Monday Meeting| 2019-10-26 Lovász Kolos

New communication strategies in the Students’ Union

Facebook posts, Insta stories, and even a chatbot are now among the tools of the Students’ Union when it comes to keeping in touch with students. We interviewed Muad Mohamed, the desk officer of the Communication Committee.

 

Szinapszis: What is the role of a communications desk officer?

Muad Mohamed: I have a job that at first sounds very simple: coordinating the exchange of information between the university and its students. Even I didn’t know how big of a task this really is, it means far more than just posting stuff on Facebook.

 

Sz.: Who is your target audience?

M. M.: Our main mission is to relay information coming from our higher-ups to the students. This is especially critical this year, with the curriculum reform and the 250th jubilee year.

Still, basically everyone is a potential member of the target audience, depending on the content we are communicating. On an open day or during European Researchers’ Night we have to address outsiders, we have programmes for the alumni, like the Semmelweis Talks, and sometimes we have to specifically focus on the university’s students and teachers, like during the Summer University or the 25-hour sports day.

And of course, foreign students. We started a more open approach during the summer, our events, posts, and Neptun messages are now at least in two languages.

 

Sz.: Which platforms are you most active on?

M. M.: The activity of our communication channels fit their role. Our audience uses Facebook and Instagram every day, so we are pretty active on those, however we try to limit our work, only posting the more important stuff, so we can have quality content and a clean, aesthetic profile. The website, Neptun, and the chatbot are less active, since these are more formal.

 

Sz.: What is the main platform where students can access the information they need the most?

M. M.: That depends on what kind of information we’re talking about. The Summer University was a so called full front campaign, we had it on all of our platforms. However, a smaller party like an ÁOK Felező won’t be as advertised.

Of course, the fastest and simplest of them is the Facebook feed. We can use it to reach a wide but also specific audience, there are groups for every faculty, year, and event. We pay attention to the students’ wishes, for example we had a lot of negative feedback in the last years because of the party spam, so we have created a separate Semmelweis Events group, people interested in  upcoming parties can look these up specifically.

 

Sz.: The Communication Committee relays information from the Students’ Union to the students. Is it possible for students to communicate with the Students’ Union?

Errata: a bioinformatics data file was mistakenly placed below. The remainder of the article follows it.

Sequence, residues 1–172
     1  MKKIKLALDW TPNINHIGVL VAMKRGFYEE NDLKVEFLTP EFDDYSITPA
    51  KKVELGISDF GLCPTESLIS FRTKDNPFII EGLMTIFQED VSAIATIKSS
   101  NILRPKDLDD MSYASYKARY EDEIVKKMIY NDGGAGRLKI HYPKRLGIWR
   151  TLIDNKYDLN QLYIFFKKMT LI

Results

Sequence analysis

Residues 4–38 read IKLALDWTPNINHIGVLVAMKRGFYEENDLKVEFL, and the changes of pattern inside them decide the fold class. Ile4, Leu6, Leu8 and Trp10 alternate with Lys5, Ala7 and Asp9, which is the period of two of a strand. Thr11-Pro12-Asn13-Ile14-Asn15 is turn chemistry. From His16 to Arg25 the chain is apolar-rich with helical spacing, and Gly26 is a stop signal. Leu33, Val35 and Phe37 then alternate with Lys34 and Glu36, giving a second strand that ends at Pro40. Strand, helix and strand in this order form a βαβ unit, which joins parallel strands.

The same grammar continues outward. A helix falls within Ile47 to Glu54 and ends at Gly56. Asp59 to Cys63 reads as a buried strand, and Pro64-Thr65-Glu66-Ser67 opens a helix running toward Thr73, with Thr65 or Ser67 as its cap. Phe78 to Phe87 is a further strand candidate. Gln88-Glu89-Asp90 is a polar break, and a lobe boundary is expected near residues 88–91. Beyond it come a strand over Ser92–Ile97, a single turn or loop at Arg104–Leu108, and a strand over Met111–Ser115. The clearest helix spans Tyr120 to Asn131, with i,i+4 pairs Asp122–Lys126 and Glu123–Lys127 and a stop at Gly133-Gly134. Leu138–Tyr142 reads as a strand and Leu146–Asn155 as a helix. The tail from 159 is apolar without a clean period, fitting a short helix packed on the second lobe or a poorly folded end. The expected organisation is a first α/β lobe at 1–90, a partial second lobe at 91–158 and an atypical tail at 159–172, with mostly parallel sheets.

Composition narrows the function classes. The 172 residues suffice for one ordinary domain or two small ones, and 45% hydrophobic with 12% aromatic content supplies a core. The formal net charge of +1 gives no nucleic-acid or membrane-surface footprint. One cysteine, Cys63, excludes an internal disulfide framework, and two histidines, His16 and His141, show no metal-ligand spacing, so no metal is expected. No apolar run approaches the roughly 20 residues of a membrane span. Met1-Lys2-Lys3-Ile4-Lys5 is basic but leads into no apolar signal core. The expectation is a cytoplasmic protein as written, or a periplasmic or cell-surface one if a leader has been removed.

M. M.: Yes, it is, and I can say they already do it pretty regularly. In the last 3 months, since I took over the committee, more than 1000 students have reached out to us. Of course, we have a phone number and an e-mail, but surprisingly these account only for 0,1% of our interactions. Currently the HÖK Chat is the most popular platform, so we can say that is it a big success. We can also use it to do simple surveys among the students, we send the automatized dialogues to our subscribers and then analyse the statistics.

Last but not least, during this semester’s social grant application period, students had the opportunity to have personal consultations, but basically we are always available in our office or you can stop us to ask a question if we meet on campus, we are always happy to help.

 

Sz.: This chatbot is barely a few weeks old, can you talk about it in detail?

M. M.: Several companies and politicians have started using chatbots with great success. This works best when you are working with a really large target group, such as the university’s nearly 11 000 students. Its main purpose is to improve user experience. At the end of the semesters the members of the committee are also busy, so it’s often not possible to answer the questions immediately. This is when chatbots come in handy, it gives a quick response and it’s also a kind of feedback for the student that their message is being worked on.

It also can be used to mass communicate messages towards the students, however it’s a very aggressive way of communication, so we rarely use it.

 

Sz.: What other plans do you have for the future?

M. M.: For me, a very important strategic move is integrating foreign students in the university life. The first step of this is communicational integration. We reached out to ISSA and DSVS, shared our ideas with them to involve more foreign students in Hungarian organized events and vice versa. We also put a lot of effort to have our posts in more languages.